By day seven, the antibiotics had clearly worked — Judy’s white blood count was back to normal. The infection seemed to be gone, but Judy’s X-rays showed there was fluid on her lungs and in her lungs, and it was getting worse.
Judy’s care team, which included Joanna Olewicz, MD, decided to consult pulmonologist Paul Harris, DO, and an Infectious Disease Specialist Nnaemeka Egwuatu, MD.
The team concluded that inflammation was likely causing the fluid buildup, and the best way to treat it was with steroids. But there were risks: Egwuatu explained that if Judy still had an infection, the steroids could make the infection worse.
Brian had an important decision to make.
Surrounded by ‘Family’
“Before I gave my consent for the steroids, I asked Dr. Olewicz: ‘If this were your husband, what would you do?’ Without skipping a beat she said, ‘Every patient is my family member. If this were my husband, absolutely, I would do this.'”
Although he was scared for his wife’s life, Brian says he never felt alone. That was when he realized that he had been surrounded by family all week long.
“Everywhere I turned, there was somebody doing something to save my wife’s life,” Brian says. Dr. Plaisier, who had placed Judy on the ventilator, said he had a dream about Judy, and he continued to check on her too. Everyone from the receptionists to the environmental service people were wonderful.”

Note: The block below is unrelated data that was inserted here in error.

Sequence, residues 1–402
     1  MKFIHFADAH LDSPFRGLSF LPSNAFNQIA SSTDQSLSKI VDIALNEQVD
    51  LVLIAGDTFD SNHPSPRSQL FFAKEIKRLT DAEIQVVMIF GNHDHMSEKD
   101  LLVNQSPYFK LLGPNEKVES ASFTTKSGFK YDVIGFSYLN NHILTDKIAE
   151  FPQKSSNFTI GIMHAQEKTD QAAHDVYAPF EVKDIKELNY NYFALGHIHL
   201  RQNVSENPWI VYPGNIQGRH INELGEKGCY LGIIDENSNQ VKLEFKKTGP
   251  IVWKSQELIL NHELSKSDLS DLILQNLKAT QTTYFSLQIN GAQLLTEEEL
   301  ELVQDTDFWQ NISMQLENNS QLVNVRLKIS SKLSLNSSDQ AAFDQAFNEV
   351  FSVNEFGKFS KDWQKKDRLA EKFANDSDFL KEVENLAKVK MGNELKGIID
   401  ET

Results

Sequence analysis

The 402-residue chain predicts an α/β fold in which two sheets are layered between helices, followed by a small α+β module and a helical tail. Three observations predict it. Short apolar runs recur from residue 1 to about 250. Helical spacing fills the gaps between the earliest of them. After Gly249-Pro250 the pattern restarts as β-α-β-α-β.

The tide turned with three days of steroids. After 10 days in the ICU, Judy was off the ventilator.
“Like a Naughty Three-Year-Old With Dementia”
That is how Judy described herself once ‘the tube’ was gone.
They can laugh about it now, but Judy was clearly delusional following the removal of the ventilator, which the ICU team explained is not unusual.
“To me,” says Brian, “once she was off the ventilator, it looked like Judy had Alzheimer’s. It took about 72 hours for her to know who I was. It was a difficult time.” From Judy’s point of view, once she was off the ventilator, she experienced ‘funny’ delusions.
“My poor husband. I kept telling him that I was pregnant and was ready to give birth. I spit out my pills at him because I didn’t want to take them. And I made a hat from a napkin.”
During this time an amazing patient care assistant, Mardine Davis, was assigned to Judy. Brian recalls: “If Jesus were to come back as a woman, this is who He would be. She was an angel. She gave Judy her first shower, styled her hair and soothed her. The care, love and attention she gave to Judy was beyond remarkable.”
“On Holy Ground”
“The presence of Christ we see at Mercy Health is so apparent. People don’t hide their faith. They care for the whole person. I know that in heaven we won’t need hospitals, but if we do need a hospital, this is the one that will be there,” says Brian.
“For me, being at Mercy Health was like being on holy ground,” says Judy.
The Bosschers describe Judy’s follow-up care as equally exceptional. “We feel secure. Mercy Health doesn’t just treat you and leave you. We have a great medical team for life.”
Read Judy’s other remarkable story about her diagnosis with ovarian cancer.